5 Reduce salt to ease heartburn: Hold the salt, especially if you suffer from heartburn – a painful symptom of reflux where acid from the stomach flows back into the oesophagus. Study results from the Department of Surgery at Karolinska Hospital, Sweden, found that those eating salty food at least three times a week may have a 50 per cent risk of reflux symptoms, and adding salt to food regularly may increase the risk by 70 per cent compared to those who never add salt or eat salty food. One possible explanation is that those who use a lot of salt may also be eating fatty, fried foods that increase the risk of heartburn.
What you can do: If your symptoms of reflux are mild, cut back on salt in your diet. Additionally, adopting healthy lifestyle changes may further reduce symptoms. Eliminating alcohol, quitting smoking, noting which foods unsettle your stomach and avoiding lying down immediately after meals, will all help too.
6 Stay trim to prevent gallstones
If there’s one thing you should do to boost overall health and digestion, it’s achieving and maintaining a healthy body weight. Excess weight will increase your risk of developing chronic health conditions, and you may have a higher chance of suffering from gallstones. Close to 15 per cent of people are affected by gallstones, reports health site Better Health Channel.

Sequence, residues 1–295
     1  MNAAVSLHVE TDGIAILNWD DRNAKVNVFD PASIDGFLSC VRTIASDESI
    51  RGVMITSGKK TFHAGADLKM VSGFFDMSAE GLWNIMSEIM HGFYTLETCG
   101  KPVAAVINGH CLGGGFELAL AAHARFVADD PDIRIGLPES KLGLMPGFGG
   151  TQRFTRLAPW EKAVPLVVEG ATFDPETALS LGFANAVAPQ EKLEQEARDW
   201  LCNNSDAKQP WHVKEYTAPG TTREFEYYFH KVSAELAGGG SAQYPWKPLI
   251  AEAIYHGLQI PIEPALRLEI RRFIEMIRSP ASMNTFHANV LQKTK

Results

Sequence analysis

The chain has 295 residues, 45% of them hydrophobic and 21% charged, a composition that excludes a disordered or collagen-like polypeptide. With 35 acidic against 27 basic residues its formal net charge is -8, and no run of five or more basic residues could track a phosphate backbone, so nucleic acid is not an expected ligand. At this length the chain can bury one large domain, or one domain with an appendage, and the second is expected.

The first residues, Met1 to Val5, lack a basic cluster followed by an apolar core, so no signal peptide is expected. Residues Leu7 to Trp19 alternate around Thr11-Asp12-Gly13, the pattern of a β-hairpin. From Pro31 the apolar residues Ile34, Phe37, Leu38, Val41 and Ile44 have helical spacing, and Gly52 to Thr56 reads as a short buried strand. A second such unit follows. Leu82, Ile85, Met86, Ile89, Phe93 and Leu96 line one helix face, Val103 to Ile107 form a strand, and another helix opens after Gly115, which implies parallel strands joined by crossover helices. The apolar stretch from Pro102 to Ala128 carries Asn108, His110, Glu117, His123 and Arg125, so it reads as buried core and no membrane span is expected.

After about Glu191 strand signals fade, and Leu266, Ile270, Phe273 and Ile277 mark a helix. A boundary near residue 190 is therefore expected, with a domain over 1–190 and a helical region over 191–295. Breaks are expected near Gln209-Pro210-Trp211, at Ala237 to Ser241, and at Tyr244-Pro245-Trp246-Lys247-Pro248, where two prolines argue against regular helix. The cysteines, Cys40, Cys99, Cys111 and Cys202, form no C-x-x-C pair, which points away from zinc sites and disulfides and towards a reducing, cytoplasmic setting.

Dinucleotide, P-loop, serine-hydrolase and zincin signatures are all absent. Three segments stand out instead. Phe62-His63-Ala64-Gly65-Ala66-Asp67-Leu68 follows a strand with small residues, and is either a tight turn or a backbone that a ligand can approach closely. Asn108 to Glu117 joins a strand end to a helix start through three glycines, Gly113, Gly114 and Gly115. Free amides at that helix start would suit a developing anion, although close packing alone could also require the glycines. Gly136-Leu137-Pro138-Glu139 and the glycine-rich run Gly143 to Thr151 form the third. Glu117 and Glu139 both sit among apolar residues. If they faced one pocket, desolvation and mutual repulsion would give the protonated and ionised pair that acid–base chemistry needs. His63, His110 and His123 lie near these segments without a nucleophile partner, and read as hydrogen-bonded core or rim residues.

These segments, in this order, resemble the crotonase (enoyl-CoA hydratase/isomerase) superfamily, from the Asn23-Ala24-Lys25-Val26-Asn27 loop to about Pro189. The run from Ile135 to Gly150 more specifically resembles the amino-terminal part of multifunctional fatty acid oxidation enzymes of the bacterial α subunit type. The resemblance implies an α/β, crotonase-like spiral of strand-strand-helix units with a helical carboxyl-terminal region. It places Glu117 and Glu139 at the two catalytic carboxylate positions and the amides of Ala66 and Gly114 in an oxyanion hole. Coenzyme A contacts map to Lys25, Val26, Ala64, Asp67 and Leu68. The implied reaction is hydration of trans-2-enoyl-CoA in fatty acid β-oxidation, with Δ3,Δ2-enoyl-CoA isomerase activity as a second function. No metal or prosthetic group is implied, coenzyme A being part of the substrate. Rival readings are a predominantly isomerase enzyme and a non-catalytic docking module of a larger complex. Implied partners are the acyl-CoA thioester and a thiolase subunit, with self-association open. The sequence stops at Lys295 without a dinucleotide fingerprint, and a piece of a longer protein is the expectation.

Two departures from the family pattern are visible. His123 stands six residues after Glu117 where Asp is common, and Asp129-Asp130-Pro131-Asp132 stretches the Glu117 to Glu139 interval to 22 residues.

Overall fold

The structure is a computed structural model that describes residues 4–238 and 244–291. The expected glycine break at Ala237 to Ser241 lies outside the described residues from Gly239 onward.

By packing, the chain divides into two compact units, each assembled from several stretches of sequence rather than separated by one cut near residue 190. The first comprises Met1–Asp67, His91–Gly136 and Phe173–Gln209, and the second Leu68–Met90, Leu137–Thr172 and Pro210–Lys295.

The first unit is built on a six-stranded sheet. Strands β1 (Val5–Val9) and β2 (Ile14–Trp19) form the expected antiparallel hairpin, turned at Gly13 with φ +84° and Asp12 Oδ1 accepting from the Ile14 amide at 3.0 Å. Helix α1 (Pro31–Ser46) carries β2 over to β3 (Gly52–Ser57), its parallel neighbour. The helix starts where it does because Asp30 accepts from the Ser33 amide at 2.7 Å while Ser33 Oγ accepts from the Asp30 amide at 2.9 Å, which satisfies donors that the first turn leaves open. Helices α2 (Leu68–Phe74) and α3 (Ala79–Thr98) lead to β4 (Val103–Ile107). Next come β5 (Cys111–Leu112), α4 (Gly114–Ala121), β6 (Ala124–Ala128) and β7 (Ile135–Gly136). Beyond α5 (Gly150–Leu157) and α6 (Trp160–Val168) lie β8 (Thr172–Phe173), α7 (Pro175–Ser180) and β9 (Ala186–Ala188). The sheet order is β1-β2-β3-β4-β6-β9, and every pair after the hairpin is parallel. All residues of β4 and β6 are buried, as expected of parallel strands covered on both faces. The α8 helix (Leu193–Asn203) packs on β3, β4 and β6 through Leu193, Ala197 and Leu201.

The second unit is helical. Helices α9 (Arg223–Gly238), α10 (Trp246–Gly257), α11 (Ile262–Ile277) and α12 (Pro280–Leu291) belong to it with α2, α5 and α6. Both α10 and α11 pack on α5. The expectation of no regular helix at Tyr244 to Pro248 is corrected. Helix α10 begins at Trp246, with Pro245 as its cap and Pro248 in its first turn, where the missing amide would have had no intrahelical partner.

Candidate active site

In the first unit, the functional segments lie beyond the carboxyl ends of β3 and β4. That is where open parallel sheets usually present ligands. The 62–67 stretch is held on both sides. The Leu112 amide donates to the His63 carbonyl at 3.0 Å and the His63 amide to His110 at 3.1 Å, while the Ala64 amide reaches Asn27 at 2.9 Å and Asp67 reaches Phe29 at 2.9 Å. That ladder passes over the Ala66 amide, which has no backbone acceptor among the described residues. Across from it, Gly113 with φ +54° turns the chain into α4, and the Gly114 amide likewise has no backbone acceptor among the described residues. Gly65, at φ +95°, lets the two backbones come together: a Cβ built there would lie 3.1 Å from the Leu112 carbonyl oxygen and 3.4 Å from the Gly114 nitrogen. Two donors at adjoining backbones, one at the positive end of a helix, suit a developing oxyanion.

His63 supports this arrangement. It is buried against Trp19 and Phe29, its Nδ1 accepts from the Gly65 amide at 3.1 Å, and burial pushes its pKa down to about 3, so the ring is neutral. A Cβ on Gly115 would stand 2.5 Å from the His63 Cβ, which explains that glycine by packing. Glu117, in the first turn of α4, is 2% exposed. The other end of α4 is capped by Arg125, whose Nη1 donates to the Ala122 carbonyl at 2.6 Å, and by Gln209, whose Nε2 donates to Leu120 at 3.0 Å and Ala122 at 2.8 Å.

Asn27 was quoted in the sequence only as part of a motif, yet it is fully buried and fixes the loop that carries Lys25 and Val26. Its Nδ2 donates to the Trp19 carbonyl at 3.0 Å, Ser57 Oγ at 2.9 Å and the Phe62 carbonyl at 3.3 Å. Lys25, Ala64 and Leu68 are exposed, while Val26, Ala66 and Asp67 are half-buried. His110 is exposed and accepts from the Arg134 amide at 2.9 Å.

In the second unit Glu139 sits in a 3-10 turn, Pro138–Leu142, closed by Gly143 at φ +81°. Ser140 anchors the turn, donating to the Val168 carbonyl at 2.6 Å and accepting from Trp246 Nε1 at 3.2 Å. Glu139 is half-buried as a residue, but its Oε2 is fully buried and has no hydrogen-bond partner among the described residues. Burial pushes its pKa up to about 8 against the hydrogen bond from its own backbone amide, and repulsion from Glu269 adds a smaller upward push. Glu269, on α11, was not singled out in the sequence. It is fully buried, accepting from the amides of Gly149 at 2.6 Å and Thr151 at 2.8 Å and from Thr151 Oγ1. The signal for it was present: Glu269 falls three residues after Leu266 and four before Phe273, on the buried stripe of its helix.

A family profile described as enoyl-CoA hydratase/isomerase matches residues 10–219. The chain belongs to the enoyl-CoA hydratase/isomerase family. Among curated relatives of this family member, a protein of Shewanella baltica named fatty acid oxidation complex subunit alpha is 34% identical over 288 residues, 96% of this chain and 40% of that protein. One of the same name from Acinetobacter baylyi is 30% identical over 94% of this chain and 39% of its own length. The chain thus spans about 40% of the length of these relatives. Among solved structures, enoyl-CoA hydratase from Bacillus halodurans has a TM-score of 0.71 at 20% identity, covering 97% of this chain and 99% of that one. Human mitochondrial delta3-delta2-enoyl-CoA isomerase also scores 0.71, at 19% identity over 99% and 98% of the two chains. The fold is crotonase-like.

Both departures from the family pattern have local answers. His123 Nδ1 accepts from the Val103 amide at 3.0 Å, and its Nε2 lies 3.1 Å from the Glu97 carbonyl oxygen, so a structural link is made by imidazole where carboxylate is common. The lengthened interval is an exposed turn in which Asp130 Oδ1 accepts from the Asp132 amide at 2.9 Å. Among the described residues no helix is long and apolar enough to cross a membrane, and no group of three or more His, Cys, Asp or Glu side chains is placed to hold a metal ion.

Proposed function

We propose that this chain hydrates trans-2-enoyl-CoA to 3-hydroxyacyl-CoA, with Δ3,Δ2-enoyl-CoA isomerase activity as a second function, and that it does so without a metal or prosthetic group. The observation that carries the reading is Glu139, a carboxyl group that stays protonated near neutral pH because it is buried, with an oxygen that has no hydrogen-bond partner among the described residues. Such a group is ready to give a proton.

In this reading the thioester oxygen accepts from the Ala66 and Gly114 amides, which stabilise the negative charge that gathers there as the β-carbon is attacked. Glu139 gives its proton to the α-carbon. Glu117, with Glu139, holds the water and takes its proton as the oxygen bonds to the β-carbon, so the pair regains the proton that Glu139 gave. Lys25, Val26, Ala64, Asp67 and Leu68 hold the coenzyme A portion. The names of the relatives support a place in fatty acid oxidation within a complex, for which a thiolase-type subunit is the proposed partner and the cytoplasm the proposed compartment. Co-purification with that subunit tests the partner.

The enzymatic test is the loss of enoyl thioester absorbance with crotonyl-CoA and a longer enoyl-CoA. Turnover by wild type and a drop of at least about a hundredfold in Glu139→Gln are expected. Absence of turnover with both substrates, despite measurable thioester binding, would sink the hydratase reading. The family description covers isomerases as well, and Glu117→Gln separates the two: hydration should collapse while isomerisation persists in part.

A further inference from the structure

What you can do While there’s no single cause of gallstones, a healthy weight may lower your risk, reports the National Institute of Diabetes and Digestive and Kidney Diseases in the US. Reducing your weight slowly is ideal, as losing weight too quickly may increase the risk of developing gallstones. Limiting fatty foods and dairy products may also help reduce your risk.
7 Manage asthma symptoms to improve acid reflux:
If you suffer from acid reflux, also known as GORD (gastro-oesophageal reflex disease), you’re not alone. And if you’re an asthmatic you may be at a higher risk, with research revealing that 50-90 per cent of asthma sufferers experience some reflux. An asthmatic cough or wheeze may be due to acid reflux irritating the windpipe.
What you can do More research is needed to fully understand this link, but here’s a guideline to help ease acid reflux: follow your asthma-management plan exactly, reduce your exposure to asthma triggers where possible, eat smaller meals, eat several hours before bed, maintain a healthy weight, and limit fatty foods, caffeine and alcohol.
IS IT HEARTBURN? Heartburn (acid indigestion) usually feels like burning chest pain, behind the breastbone and upward to the neck and throat and even into the shoulder blades. It feels like food’s coming back into the mouth leaving an acid or bitter taste. In most cases, heartburn can be relieved through diet and lifestyle changes. Source: Mayo Clinic South Africa
PATRICK HOLFORD ON CONSTIPATION…
It’s not something to be taken lightly, warns Holford in his book Improve your Digestion (Piatkus): ‘Forsome people, long-term constipation can result in physical blockages and distensions of the bowel, which is a major cause of diverticulosis and can lead to inflammatory bowel problems. Constipation allows more opportunity for putrefaction and exposure to toxic material. This is a major contributor to colorectal cancer…’